Jesus tells them all to keep silence about this great miracle. Only when Jesus himself is raised from the dead will the three Apostles understand what it is they have witnessed: the very power of God, triumphant over evil, over disease and sickness of every kind, over death itself. James, with Peter and John, is a special witness to resurrection. He will be able to speak to others the saving words of Christ: “just have faith.”
James, Witness to the Glory of Christ (Matthew 17:1-9)
Jesus took Peter, James, and John his brother, and led them up a high mountain by themselves. And he was transfigured before them; his face shone like the sun and his clothes became white as light. And behold, Moses and Elijah appeared to them, conversing with him.
Then Peter said to Jesus in reply, “Lord, it is good that we are here. If you wish, I will make three tents here, one for you, one for Moses, and one for Elijah.” While he was still speaking, behold, a bright cloud cast a shadow over them, then from the cloud came a voice that said, “This is my beloved Son, with whom I am well pleased; listen to him.”
When the disciples heard this, they fell prostrate and were very much afraid. But Jesus came and touched them, saying, “Rise, and do not be afraid.” And when the disciples raised their eyes, they saw no one else but Jesus alone. As they were coming down from the mountain, Jesus charged them, “Do not tell the vision to anyone until the Son of Man has been raised from the dead.”
In the Gospel according to Matthew, the Transfiguration of Jesus comes immediately following his first prediction of his Passion. This is a hard teaching indeed: how can the Messiah, the Chosen One of God, the Savior, be crucified? Peter speaks for all of them when he says, “God forbid, Lord! No such thing shall ever happen to you” (Matthew 16:22). Jesus reply is harsh: “get behind me, Satan! You are thinking not as God does, but as human beings do.” The disciples begin to understand that to follow Jesus is to carry the cross.
But there is more. Jesus allows Peter, James, and John a blinding glimpse of his heavenly glory. They see him shining brighter than the sun, speaking with Moses and Elijah; and they hear God’s voice, urging them to listen to what he says. In glimpsing the Transfiguration of Jesus, Peter, James and John are glimpsing the Resurrection. Jesus shows them this glimpse to help them understand that for all who follow Jesus, suffering and glory go hand in hand.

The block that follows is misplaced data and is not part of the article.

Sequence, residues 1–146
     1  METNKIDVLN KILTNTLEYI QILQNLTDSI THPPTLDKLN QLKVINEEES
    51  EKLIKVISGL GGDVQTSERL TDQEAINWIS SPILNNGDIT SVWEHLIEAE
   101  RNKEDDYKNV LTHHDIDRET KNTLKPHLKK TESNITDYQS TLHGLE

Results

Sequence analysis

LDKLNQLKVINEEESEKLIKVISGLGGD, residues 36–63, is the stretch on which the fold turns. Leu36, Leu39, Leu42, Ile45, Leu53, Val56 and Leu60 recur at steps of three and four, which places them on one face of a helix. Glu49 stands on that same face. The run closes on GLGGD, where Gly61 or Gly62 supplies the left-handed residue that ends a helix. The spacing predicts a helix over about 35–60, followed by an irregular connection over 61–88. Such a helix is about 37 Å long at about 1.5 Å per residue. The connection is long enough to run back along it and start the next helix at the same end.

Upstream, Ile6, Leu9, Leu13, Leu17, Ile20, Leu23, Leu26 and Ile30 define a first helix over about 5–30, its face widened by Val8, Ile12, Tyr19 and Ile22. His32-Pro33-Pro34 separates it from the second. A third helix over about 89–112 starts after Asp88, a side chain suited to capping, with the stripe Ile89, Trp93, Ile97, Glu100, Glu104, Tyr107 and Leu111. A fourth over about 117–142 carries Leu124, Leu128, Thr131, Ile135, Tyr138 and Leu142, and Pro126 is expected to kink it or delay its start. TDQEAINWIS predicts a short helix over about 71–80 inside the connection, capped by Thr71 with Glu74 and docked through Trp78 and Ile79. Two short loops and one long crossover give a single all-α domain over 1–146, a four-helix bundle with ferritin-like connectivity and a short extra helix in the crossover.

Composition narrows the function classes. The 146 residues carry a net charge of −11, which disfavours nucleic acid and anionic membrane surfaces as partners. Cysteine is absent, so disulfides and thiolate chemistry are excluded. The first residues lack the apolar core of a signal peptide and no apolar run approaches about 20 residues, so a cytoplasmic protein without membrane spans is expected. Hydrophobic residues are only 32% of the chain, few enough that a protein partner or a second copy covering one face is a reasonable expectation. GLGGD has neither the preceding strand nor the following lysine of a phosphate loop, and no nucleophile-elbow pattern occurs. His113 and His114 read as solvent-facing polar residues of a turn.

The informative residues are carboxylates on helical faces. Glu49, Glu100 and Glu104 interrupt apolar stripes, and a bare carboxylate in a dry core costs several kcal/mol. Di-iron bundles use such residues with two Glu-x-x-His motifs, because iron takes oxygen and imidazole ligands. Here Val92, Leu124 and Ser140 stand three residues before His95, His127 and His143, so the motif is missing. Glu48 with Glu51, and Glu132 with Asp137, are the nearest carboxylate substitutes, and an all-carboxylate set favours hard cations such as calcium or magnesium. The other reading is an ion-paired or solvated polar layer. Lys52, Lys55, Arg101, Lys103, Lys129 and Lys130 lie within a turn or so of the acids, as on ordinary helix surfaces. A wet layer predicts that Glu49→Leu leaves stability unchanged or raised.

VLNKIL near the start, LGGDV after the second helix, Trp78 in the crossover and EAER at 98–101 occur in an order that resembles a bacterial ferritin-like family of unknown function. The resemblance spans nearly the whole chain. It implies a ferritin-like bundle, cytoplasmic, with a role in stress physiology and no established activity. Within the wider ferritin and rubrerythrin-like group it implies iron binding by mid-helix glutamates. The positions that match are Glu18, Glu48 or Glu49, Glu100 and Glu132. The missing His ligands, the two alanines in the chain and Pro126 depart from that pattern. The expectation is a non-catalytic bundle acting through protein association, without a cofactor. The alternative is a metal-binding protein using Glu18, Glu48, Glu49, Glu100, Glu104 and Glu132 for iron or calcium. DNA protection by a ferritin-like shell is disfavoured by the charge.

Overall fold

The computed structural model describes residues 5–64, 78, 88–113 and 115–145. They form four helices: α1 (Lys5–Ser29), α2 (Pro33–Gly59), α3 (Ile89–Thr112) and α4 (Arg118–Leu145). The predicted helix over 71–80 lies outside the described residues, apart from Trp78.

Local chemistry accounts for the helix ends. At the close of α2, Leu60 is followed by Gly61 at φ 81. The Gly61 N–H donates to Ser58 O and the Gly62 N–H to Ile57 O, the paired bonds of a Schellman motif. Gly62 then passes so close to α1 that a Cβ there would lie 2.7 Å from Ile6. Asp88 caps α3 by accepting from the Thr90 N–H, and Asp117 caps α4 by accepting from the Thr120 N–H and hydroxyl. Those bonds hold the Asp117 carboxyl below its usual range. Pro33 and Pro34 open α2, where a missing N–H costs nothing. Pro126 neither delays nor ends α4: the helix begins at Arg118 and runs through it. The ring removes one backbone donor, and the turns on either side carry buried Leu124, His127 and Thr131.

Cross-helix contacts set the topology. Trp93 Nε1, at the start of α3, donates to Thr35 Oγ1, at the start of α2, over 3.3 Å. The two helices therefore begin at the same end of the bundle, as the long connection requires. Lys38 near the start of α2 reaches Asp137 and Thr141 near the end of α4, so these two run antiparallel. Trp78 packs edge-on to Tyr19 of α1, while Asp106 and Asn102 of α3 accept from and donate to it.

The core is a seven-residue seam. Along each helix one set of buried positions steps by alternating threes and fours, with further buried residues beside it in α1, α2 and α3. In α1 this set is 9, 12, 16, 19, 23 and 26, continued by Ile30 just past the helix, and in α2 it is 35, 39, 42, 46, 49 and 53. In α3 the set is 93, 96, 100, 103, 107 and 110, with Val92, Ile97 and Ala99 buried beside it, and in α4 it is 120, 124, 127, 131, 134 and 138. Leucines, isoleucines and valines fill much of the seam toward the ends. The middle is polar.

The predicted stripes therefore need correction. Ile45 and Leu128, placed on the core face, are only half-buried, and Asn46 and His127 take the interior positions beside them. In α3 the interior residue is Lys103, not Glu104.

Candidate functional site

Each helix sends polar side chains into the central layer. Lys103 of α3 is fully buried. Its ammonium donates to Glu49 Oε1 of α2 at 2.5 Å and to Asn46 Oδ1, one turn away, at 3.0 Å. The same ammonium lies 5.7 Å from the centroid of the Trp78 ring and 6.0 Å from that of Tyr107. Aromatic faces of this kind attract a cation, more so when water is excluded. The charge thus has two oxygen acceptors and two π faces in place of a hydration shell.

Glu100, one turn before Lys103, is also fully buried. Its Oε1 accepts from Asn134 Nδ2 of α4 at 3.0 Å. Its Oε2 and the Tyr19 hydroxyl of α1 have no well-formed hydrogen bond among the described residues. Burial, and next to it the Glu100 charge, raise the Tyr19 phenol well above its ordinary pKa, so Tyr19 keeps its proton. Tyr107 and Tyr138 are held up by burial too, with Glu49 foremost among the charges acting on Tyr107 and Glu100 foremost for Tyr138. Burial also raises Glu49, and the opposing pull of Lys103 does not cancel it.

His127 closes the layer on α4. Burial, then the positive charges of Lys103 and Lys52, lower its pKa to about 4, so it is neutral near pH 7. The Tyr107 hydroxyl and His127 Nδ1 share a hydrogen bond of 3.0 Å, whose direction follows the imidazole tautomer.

With the Lord in the Garden of Gethsemane (Mark 14:32-42)
They came to a place named Gethsemane, and Jesus said to his disciples, “Sit here while I pray.” He took with him Peter, James, and John, and began to be troubled and distressed. Then he said to them, “My soul is sorrowful even to death. Remain here and keep watch.”
He advanced a little and fell to the ground and prayed that if it were possible the hour might pass by him; he said, “Abba, Father, all things are possible to you. Take this cup away from me, but not what I will but what you will.”
When he returned he found them asleep. He said to Peter, “Simon, are you asleep? Could you not keep watch for one hour? Watch and pray that you may not undergo the test. The spirit is willing but the flesh is weak.”
Withdrawing again, he prayed, saying the same thing. Then he returned once more and found them asleep, for they could not keep their eyes open and did not know what to answer him.
He returned a third time and said to them, “Are you still sleeping and taking your rest? It is enough. The hour has come. Behold, the Son of Man is to be handed over to sinners. Get up, let us go. See, my betrayer is at hand.”
The same three who witnessed Christ in glory – Peter, James, and John – witness his sufferings in the Garden of Gethsemane. As scripture commentator Marie Noonan Sabin observes, the contrasts between the two scenes are poignant. There, Jesus shone with dazzling light; here, all is darkness. There, Jesus stood above the mountain; here, he falls to the ground. There, the Father spoke words of love; here, Jesus asks his Father to take the cup of suffering away from him.
In this last hour, Jesus does not want to be alone: he wants his friends at his side. But these friends, who will scatter when Jesus is arrested, have already begun to abandon him: they cannot even stay awake to keep him company.
Peter, James, and John will become pillars of the Church, preaching the Good News far and wide. Jesus wants these Apostles to be witnesses, not just of the divine signs and wonders he performs, but of his humanity and his suffering. He wants them to be aware of his weakness—and their own. Perhaps that is why the sacrament of penance is such an important part of our faith. In becoming more aware of our own weakness, we become more compassionate and understanding towards others.
James, one of the Twelve (Matthew 10:1-10)
Jesus summoned his twelve disciples and gave them authority over unclean spirits to drive them out and to cure every disease and every illness. The names of the twelve apostles are these: first, Simon called Peter, and his brother Andrew; James, the son of Zebedee, and his brother John; Philip and Bartholomew, Thomas and Matthew the tax collector; James, the son of Alphaeus, and Thaddeus; Simon the Cananean, and Judas Iscariot who betrayed him.